One of them, Natalia, brought to Warsaw – only one thing that she wanted to save from the war. Bandura, a traditional Ukrainian instrument that she did not want to leave to the war. This instrument is a symbol of the power of the voice and the power of women. The libretto of MOTHERS and the spectacle for the time of war, which we create together, will begin with a song, which is an old ritual, a song – a wish for prosperity, life and rebirth. It’s about finding together what’s alive in the rubble. In a meeting, in the CHORUS.
(Moïra Dalant in conversation with Marta Górnicka, fragment of the interview for Avignon Festival, March- July 2023)
Excerpt from Marta Górnicka’s speech in Avignon on 20 July 2023:
A war is being fought in Ukraine. This war has been happening for many months now. A war you might not know much about. A war which perhaps, from time to time, disappears from our field of vision. A war which is too close not to care—and maybe this is why we don’t want to think about it. Then, we easily switch from atrocious images to memes with cats and dogs on Facebook and Instagram.
This is why this performance is being produced.
A theatre of new forms of solidarity. And new rituals
A theatre which resonates with new voices, languages, bodies.
A place where a better world is imaginable and possible.
World Premiere: Teatr Powszechny, Warszawa, 29.09.2023
German Premiere: Maxim Gorki Theater, Berlin, 04.11.2023
French Premiere: Maillon, Théâtre de la Ville de Strasbourg, 04.10. 2023
Marta Górnicka & ansamble
CHORUS OF WOMEN FOUNDATION, Warsaw
Elena Zui Voitekhovskaya
Wojciech Frycz, Marta Górnicka
Ukrainian traditional music
excerpt from Shchedrivka by Mikołaj Leontowicz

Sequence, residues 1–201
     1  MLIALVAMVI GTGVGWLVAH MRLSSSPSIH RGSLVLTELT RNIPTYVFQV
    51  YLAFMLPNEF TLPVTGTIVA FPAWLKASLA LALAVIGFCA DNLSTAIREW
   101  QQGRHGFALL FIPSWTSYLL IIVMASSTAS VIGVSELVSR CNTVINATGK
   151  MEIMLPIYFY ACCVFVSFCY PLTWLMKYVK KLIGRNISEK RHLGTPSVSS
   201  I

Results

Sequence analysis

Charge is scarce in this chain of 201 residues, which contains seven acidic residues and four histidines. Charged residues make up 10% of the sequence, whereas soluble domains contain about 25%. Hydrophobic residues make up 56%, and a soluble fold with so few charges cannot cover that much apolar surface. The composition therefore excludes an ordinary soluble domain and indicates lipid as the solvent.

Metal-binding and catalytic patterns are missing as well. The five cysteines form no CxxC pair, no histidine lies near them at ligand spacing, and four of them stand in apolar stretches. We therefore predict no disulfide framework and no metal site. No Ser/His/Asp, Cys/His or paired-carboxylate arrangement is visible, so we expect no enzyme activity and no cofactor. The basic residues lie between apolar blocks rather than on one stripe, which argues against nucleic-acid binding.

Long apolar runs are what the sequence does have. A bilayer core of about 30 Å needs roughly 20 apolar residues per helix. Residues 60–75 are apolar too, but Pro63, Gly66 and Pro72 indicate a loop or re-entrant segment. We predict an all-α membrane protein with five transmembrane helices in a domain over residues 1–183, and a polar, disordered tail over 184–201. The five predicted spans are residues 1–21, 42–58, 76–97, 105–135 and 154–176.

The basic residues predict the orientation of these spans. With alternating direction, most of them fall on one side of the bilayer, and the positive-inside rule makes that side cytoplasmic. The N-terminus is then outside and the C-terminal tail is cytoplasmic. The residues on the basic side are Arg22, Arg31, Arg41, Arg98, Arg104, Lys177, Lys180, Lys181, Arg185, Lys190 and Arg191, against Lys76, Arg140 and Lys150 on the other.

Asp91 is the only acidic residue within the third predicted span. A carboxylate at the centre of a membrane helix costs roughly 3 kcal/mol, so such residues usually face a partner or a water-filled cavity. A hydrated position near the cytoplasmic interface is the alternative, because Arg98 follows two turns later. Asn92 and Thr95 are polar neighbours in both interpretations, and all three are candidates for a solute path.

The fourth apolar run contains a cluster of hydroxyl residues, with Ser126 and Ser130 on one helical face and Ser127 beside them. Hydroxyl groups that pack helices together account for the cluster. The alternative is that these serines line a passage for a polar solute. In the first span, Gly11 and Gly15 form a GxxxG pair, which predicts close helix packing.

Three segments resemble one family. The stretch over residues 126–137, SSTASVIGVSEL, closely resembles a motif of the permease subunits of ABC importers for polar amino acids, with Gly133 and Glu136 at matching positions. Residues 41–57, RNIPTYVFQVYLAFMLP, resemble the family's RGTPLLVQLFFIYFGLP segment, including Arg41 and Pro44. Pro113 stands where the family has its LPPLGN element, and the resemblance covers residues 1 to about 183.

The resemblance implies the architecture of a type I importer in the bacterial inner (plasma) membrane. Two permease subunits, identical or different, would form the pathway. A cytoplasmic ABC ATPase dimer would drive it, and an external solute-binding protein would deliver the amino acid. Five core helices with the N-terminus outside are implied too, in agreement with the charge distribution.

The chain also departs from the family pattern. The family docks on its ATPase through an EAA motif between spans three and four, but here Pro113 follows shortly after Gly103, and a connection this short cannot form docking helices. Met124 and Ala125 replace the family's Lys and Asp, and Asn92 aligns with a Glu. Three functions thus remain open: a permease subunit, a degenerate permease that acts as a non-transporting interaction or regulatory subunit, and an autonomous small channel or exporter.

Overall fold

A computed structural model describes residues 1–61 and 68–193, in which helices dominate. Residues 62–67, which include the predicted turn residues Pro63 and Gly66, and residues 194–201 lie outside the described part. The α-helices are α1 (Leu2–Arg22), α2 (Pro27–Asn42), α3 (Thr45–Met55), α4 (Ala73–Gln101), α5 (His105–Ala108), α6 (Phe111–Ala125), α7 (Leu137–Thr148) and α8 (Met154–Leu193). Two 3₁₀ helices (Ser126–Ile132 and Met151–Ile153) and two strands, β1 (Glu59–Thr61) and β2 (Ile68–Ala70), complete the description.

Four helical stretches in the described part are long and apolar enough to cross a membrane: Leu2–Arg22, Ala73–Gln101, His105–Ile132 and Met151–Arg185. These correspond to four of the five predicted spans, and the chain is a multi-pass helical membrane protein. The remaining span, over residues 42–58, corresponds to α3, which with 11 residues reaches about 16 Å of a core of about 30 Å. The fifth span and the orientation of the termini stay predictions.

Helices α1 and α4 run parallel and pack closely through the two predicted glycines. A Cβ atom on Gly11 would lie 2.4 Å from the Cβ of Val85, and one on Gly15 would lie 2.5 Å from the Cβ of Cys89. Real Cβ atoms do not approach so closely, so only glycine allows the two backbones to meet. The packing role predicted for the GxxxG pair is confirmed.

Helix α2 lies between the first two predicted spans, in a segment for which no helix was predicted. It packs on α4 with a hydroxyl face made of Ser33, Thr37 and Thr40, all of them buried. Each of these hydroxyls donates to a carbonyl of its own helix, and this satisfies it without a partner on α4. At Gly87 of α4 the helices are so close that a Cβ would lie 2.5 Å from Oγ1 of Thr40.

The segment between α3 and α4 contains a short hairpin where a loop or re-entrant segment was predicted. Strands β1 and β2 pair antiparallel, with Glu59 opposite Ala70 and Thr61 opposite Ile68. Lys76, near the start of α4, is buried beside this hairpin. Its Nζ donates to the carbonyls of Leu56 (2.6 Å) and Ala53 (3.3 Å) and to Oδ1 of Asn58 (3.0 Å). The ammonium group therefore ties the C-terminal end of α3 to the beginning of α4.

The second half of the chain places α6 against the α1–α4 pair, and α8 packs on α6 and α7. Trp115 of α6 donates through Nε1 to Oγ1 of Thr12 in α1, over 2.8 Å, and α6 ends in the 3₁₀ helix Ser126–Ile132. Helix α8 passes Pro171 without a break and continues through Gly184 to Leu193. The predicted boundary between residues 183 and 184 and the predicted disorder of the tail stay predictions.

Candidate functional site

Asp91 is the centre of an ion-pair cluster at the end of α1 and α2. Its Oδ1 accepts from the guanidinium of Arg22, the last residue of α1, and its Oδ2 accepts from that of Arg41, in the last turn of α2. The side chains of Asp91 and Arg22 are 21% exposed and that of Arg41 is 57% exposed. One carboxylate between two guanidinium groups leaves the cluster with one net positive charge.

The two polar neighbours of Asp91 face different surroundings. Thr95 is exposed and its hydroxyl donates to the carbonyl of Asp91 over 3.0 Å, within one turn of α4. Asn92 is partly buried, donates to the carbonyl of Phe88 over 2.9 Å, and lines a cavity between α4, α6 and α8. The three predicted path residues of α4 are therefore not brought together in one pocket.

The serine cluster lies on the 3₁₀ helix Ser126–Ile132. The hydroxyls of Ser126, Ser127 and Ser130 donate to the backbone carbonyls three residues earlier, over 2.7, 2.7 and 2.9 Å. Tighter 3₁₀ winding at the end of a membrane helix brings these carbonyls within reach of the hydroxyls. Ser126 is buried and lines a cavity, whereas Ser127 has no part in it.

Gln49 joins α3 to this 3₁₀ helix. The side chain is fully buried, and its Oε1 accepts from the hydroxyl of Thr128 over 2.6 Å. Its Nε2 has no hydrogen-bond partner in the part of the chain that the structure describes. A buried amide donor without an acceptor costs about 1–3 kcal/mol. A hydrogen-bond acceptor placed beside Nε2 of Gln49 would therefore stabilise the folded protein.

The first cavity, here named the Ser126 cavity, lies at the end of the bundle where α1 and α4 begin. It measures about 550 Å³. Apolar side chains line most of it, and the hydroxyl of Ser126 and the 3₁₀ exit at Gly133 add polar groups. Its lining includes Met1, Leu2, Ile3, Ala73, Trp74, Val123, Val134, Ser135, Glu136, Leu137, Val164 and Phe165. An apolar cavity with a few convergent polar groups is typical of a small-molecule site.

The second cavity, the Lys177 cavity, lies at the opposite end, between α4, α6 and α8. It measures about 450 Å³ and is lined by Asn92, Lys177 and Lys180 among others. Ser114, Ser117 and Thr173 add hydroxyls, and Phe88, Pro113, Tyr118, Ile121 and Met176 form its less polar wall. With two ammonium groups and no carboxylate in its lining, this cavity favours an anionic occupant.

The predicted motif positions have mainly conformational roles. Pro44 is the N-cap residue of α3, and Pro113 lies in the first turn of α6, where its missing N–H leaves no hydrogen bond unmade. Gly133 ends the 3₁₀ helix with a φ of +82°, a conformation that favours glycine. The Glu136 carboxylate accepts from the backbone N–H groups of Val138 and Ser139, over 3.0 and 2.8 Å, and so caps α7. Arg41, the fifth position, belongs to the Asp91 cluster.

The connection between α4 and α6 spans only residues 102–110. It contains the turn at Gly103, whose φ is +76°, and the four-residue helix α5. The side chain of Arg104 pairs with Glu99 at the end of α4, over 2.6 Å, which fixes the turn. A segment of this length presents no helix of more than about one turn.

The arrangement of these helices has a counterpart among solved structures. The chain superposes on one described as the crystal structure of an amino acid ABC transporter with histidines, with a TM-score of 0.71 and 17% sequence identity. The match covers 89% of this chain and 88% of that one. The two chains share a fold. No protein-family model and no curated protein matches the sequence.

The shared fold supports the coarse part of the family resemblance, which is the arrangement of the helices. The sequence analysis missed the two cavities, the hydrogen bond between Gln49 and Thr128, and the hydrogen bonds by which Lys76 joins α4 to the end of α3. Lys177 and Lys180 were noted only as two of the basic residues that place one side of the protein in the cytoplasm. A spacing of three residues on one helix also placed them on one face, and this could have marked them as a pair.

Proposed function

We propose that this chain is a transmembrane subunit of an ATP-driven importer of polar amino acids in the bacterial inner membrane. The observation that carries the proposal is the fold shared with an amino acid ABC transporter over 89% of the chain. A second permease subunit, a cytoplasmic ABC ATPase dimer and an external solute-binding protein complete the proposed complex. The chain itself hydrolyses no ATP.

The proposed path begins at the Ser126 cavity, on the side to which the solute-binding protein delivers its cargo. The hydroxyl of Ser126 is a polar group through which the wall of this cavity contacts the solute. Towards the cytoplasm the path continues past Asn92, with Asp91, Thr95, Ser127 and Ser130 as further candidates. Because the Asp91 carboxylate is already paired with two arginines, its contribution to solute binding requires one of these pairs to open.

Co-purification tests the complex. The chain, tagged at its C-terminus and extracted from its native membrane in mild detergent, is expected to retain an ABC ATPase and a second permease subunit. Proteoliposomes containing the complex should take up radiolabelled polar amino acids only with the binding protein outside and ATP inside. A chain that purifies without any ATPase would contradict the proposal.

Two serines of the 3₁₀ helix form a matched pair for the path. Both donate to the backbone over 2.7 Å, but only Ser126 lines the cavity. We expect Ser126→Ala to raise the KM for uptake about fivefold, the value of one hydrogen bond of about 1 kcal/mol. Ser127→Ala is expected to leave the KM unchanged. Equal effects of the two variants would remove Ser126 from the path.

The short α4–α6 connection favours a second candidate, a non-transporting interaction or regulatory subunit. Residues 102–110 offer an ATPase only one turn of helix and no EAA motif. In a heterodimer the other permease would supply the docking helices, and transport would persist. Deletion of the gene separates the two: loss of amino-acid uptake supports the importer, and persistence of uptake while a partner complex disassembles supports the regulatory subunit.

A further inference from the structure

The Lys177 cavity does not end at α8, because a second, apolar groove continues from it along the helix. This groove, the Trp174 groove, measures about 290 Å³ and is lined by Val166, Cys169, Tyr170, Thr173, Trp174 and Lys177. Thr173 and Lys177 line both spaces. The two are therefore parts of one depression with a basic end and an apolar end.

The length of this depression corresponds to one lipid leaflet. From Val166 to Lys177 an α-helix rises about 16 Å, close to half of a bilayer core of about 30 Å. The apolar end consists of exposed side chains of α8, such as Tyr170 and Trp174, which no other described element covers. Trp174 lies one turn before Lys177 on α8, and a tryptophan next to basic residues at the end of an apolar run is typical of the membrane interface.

Costumes for the recording of the rehearsal
Olga Byrska, Maria Yasinska
Sound on the set
Przemysław Książek, Wojtek Białas
Translation to Ukrainian
Translation to English
Translation to French
CHORUS OF WOMEN FOUNDATION, Warsaw
Teatr Powszechny (Warsaw)
Maxim Gorki Theater (Berlin)
Maillon Théâtre De Strasbourg Scène européenne
Spring Performing Arts Festival (Utrecht)
Landestheater Niederosterreich et Tangente St. Pölten
Festival Für Gegenwartskultur (Austria)
Project is co-financed by the City of Warsaw
Teatr Dramatyczny (Warsaw), Nowy Teatr (Warsaw), Euro Scene Festival Leipzig, Ukrainian Institute, Foundation for Freedom (Warsaw), Independent Non- Profit Public Organisation Focused on Migrants from Ukraine, Chechnya, Belarus, Tajikistan, and Other Countries Who Settled in Warsaw, “Przystanek Świetlica” – Bus Stop: Community Centre, Day Room for Children and Youth of Migrants, Solidary Community Centre “Słonecznik”, Community Centre of Ukrainian Artists in Warsaw, Independent Foundation Platform Kalektar – Kalktar Org, a Research Platform on Belarusian Contemporary Art
The material was recorded during a rehearsal in Teatr Powszechny, Warsaw, on July 9 2023
Reading of the libretto, Cour du musée Calvet, Avignon Festival, 19.07.2013